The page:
Which is better: faster- or quality-to-market?

Wednesday, March 23rd, 2011 by Robert Cravotta

There are at least two major schools of thought about the best way to release new products – especially products that contain software that can be updated by the user. The faster-to-market approach pushes designs through the development cycle as quickly as possible to release the new product to market before anyone else. A plausible tactic for faster-to-market products that have user-updatable software is to ship the product even while there are still major bugs in the system with the expectation that the development team can create a corrective software patch before the product actually ends up in the hands of the customer. In this scenario, the expectation is that the user will perform a software update before they can even use the product the first time.

The quality-to-market school of thought believes that products should work out of the box without requiring extra effort from the user such as downloading and applying software patches. This philosophy does not preclude the later use of software updates to add or improve features – rather, the out of the box experience is considered an important part of the product’s value.

An argument for the faster-to-market approach is that the user will be able to start benefiting from the product sooner – possibly months sooner because the development team is able to take advantage of the production lead time to bring the product to the desired level of performance. This argument often presumes that the development team would still be working on fixing bugs after shipping a finished product even under the quality-to-market approach. For this approach, the shorter term tactical advantage of using a capability sooner outweighs the probability that some expected features may not work properly.

Likewise, an argument for the quality-to-market approach is that the user will know for certain at the time of purchase what the product will and will not be able to perform. A presumption of this argument is that sometimes a faster-to-market product overpromises what the development team is able to deliver and this leads to customer dissatisfaction because of unmet expectations. For this approach, the longer term strategic advantage of always being able to use the features as-advertised outweighs the probability that a crippled version of the feature will cause you to lose future sales.

There are many companies that side with both of these schools of thought. Which is better? Is one always better or is there a condition when one approach is better than the other? How does your development cycle accommodate one or both of these approaches to releasing a product?

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3 Responses to “Which is better: faster- or quality-to-market?”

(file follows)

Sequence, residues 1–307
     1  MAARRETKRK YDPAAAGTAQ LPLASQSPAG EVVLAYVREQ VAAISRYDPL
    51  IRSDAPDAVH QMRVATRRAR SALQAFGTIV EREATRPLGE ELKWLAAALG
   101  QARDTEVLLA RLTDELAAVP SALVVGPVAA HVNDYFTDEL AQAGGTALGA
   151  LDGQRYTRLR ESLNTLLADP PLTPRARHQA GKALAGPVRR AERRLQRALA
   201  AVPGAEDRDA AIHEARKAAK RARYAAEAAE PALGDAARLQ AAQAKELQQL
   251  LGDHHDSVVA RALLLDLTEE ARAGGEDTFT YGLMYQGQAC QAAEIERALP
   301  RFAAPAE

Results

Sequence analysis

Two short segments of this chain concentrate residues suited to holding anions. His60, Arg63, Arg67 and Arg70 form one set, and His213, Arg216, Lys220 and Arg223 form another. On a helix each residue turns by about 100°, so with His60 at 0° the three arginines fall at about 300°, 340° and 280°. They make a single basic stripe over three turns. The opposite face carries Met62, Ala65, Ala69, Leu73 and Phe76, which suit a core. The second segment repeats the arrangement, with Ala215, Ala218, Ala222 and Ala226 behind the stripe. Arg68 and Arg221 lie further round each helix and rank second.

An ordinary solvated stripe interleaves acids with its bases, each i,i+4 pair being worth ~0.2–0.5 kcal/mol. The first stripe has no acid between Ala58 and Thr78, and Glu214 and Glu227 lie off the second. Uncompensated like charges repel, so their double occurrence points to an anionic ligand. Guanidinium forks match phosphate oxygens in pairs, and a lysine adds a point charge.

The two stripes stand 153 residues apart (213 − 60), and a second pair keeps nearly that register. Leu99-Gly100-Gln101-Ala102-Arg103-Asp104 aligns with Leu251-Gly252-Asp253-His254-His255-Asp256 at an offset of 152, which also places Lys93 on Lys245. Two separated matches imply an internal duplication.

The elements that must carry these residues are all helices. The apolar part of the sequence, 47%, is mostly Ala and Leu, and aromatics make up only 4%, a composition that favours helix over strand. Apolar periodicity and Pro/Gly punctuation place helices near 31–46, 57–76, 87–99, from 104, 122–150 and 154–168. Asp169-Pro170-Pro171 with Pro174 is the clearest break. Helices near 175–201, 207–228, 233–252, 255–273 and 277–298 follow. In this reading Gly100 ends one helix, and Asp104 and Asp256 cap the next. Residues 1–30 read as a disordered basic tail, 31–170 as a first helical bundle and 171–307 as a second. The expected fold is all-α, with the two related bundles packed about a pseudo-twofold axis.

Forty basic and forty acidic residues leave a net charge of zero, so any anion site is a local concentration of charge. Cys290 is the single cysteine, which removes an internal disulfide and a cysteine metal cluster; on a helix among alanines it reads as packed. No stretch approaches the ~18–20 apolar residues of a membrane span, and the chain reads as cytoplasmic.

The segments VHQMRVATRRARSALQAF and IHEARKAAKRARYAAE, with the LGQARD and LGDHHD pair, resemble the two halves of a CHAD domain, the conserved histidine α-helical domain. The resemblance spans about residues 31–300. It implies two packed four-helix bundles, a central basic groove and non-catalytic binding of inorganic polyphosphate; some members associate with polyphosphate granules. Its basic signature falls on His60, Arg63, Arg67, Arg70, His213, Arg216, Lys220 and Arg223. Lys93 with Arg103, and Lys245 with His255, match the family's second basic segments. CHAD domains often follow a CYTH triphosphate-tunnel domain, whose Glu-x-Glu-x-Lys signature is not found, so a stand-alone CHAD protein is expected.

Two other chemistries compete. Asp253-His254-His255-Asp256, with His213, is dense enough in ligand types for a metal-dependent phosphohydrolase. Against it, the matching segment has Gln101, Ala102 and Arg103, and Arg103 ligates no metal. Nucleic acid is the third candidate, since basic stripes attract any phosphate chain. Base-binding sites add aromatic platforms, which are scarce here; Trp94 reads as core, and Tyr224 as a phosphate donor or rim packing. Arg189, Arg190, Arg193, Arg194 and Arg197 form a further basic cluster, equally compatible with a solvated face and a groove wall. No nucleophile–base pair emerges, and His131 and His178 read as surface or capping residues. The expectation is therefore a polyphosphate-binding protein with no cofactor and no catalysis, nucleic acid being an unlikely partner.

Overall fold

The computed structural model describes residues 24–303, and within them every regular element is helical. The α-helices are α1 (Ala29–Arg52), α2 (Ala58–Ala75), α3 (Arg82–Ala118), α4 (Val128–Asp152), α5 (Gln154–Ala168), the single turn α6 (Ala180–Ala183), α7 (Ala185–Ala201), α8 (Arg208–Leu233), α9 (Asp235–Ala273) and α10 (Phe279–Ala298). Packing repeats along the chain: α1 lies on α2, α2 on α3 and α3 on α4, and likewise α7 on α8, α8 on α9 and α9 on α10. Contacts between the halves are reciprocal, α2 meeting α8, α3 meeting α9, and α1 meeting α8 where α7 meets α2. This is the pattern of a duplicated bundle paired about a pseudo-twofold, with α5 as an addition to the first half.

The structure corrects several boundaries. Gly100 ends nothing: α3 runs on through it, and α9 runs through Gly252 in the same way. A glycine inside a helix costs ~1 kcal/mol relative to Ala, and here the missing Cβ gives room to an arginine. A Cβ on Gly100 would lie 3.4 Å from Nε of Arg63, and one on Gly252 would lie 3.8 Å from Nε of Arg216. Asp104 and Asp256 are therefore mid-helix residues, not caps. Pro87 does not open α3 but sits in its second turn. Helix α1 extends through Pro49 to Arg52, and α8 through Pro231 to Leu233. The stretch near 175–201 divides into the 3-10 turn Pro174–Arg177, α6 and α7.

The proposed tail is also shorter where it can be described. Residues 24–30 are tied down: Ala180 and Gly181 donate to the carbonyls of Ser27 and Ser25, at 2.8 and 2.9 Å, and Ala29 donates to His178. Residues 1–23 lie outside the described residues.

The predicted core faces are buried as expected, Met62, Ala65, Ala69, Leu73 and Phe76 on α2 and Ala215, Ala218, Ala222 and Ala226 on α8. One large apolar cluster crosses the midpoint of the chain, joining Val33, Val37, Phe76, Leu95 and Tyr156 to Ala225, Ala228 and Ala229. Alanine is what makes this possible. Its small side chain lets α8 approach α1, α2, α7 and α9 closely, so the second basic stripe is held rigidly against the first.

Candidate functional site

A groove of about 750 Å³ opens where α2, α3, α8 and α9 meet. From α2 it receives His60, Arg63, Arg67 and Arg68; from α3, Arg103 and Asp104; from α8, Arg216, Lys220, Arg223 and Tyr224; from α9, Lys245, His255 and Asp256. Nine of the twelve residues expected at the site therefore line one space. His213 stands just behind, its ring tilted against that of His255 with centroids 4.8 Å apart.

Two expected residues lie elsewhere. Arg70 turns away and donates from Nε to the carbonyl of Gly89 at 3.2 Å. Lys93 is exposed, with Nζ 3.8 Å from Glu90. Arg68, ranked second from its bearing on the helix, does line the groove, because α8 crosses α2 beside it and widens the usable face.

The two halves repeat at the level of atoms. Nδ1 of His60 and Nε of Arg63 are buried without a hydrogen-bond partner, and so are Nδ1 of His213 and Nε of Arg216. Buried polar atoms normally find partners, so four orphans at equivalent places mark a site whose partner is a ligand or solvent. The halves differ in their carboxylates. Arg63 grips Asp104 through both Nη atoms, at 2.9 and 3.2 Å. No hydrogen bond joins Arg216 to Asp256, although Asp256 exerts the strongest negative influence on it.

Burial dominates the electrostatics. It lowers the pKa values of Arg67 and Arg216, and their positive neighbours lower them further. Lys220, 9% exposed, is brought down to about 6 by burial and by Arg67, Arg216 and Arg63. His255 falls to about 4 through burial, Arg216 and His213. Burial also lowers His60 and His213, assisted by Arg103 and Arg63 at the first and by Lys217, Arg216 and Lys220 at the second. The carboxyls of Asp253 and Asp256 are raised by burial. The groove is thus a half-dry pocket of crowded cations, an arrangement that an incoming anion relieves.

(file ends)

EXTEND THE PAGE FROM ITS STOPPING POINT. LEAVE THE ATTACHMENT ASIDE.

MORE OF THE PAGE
1. Dan says:

    Answer is very situational.

    Sometimes the first-mover advantages gives a company a big enough head start that it becomes dominant & difficult to beat, even if its product is inferior.

    In other cases (e.g. life-critical medical devices) I think it’s pretty obvious what factor dominates.

    Some companies focus initially on time-to-market, get an advantage, and then backfill/improve their product line.

    Of course, most of us in product development can relate to management that says, “Yes!” (Put another way: “I want both!”)

  2. B.B. @ TI says:

    It certainly depends on the product. If it is a product deployed in an environment where out-of-the-box operation is critical, obviously you would develop for that. Or even for a product that is not put into a critical environment, but rather in an environment where many products will not be updated.

    Some products are more seamless and easy to push updates to. I tend to side with faster-to-market by ways of quick iteration software development that can be bundled up and released to testing at any point in the product’s lifecycle. This process also lends itself to easier product maintenance in the long term and thus higher quality software/product in the long term as well.

  3. Steve deRosier says:

    If it’s something revolutionary, perhaps *both* quick and quality are important. A new startup can’t afford to either alienate customers because their product was trash, nor can it afford to not to get to the market first.

    The way to do it is fairly simple: make your initial product simple. Focus on the direct problem at hand, and ignore the rest. Create a limited-feature set, but fairly solid product. Then in your updates you can add the new features. The side-effect of this is you make your customers happy. They bought your product for the functions it did do, and now you’re adding more value to their purchase.

    And, you’ve given them a good product and it came out quickly.

    - Steve

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